Lest I offend any sitcom fans, let me say first that I don't watch much television. I didn't watch much even when I had time (before our kids were born). I've never seen Frasier, and I might have caught a part of Friends once or twice, though I don't think I ever saw an entire episode. I'm just not a big sitcom fan.

I have been a regular fan of a few TV shows over the past couple of decades -- nearly always dramas. It started with Hill Street Blues in the early 80s. Then I moved on to Miami Vice. By the early 90s I was watching NYPD Blue (remember when ER's Sherry Stringfield and David Schwimmer of Friends had bit parts, living across the hall from one another?). Then I started watching ER and Homicide. Okay, I acknowledge that with the exception of ER, these are all cop shows.

It was about this time that I asked an old friend of mine, a guy who first got me watching Hill Street, if he was watching ER and Homicide. He confessed that he and his wife were only watching sitcoms. "I've got two teenage daughters," he said. "I don't need to watch any dramas."

"I understand," I replied. "I work for the federal government. I don't need to watch any sitcoms."


Friday, May 07, 2004

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Republican Ship-Jumping:
not a new olympic event

Rodger Payne captures the latest round of notable Republicans fleeing the administration's sinking ship here and here.

She's going down! Quick -- somebody re-arrange the deck chairs!

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Over at Legal Fiction, Publius is moved to do a little house cleaning:
Can someone please take some fucking responsibility for this? It's going to cost us the war. Fire Rumsfeld. And fire Wolfowitz too. And fire Powell


Fire them all. This is America for God's sake. We don't murder prisoners. We don't sodomize prisoners. Or at least I didn't think we did.
While I agree with Publius 100 percent on this, I think he's missing something. Like wealth in Reaganomics, incompetence starts at the top and trickles down.

Let us clean our house thoroughly. In November we will have that opportunity.

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Read Krugman
See the Future
Lately we've been hearing a lot about competition from Chinese manufacturing and Indian call centers. But a different kind of competition — the scramble for oil and other resources — poses a much bigger threat to our prosperity.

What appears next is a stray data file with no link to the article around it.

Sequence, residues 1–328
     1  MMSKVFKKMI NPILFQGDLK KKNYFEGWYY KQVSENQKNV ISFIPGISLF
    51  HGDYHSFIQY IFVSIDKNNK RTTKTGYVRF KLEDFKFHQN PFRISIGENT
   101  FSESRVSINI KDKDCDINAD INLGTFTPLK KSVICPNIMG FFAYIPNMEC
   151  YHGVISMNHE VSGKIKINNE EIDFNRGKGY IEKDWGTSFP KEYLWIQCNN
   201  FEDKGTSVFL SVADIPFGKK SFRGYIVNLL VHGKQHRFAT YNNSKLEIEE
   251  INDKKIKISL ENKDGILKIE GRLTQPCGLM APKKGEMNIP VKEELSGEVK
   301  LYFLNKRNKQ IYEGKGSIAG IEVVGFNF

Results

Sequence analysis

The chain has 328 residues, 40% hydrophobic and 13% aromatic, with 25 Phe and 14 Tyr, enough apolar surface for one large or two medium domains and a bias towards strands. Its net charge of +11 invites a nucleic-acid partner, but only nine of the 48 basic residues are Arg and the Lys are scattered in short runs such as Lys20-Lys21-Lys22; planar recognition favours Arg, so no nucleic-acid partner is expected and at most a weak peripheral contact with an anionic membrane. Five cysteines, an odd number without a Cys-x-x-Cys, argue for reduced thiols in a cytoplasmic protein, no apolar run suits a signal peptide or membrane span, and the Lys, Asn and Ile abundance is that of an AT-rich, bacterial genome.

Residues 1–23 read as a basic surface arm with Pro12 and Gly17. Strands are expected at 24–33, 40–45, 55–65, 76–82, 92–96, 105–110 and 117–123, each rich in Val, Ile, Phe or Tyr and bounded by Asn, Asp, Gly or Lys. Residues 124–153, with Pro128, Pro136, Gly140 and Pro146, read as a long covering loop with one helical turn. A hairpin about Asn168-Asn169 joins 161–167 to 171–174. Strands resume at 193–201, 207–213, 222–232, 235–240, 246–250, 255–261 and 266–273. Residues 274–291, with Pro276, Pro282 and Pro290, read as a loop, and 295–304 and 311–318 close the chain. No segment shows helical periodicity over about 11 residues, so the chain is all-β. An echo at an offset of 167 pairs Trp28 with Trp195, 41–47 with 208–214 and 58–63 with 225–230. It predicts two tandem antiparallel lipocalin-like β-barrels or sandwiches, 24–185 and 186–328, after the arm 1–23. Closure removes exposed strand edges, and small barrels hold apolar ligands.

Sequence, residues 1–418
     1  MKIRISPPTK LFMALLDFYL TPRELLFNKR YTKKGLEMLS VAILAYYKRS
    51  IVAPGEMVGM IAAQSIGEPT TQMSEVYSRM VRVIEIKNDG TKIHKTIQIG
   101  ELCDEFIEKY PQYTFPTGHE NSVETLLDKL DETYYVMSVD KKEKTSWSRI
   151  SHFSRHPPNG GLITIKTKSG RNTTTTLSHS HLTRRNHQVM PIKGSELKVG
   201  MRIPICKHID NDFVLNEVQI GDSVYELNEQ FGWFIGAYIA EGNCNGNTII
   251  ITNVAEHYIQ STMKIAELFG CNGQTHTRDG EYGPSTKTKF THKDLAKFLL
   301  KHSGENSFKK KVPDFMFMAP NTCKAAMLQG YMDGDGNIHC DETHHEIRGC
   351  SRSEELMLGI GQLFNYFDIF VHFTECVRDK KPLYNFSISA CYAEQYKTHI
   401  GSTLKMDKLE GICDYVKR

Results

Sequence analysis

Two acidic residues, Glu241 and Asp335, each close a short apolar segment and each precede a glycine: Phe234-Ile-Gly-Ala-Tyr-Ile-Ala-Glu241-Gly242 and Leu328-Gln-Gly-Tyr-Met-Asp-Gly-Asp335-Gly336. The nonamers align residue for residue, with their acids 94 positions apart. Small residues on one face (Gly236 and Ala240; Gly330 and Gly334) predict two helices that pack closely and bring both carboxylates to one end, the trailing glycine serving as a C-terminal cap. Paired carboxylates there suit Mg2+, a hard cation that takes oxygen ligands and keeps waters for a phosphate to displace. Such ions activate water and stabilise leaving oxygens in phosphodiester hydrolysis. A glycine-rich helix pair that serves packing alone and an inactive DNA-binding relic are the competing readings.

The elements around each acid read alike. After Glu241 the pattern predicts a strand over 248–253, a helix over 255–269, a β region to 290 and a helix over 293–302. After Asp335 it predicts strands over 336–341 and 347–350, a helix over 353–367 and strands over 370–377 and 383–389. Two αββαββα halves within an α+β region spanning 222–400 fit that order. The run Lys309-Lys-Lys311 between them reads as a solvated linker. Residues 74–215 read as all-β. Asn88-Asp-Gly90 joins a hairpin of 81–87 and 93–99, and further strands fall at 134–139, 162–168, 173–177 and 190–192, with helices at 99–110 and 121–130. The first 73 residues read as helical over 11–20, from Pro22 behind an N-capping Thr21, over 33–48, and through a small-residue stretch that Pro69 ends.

What? Threat to our prosperity? That calls for a pre-emptive stike! Call Rummy. Assemble a package. Have Powell get ready to make the case...


Thursday, May 06, 2004

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It's National Prayer Day

I choose to pray for the children.
We pray for children
who sneak popsicles before supper,
who erase holes in math workbooks,
who can never find their shoes.

And we pray for those
who stare at photographers from behind barbed wire,
who can't bound down the street in a new pair of sneakers,
who never "counted potatoes,"
who are born in places we wouldn't be caught dead,
who never go to the circus,
who live in an X-rated world.

We pray for children
who bring us sticky kisses and fistfuls of dandelions,
who hug us in a hurry and forget their lunch money.

And we pray for those who never get dessert,
who have no safe blanket to drag behind them,
who watch their parents watch them die,
who can't find any bread to steal,
who don't have any rooms to clean up,
whose pictures aren't on anybody's dresser,
whose monsters are real.

We pray for children
who spend all their allowance before Tuesday,
who throw tantrums in the grocery store and pick at their food,
who like ghost stories,
who shove dirty clothes under the bed, and never rinse out the tub,
who get visits from the tooth fairy,
who don't like to be kissed in front of the carpool,
who squirm in church and scream in the phone,
whose tears we sometimes laugh at and
whose smiles can make us cry.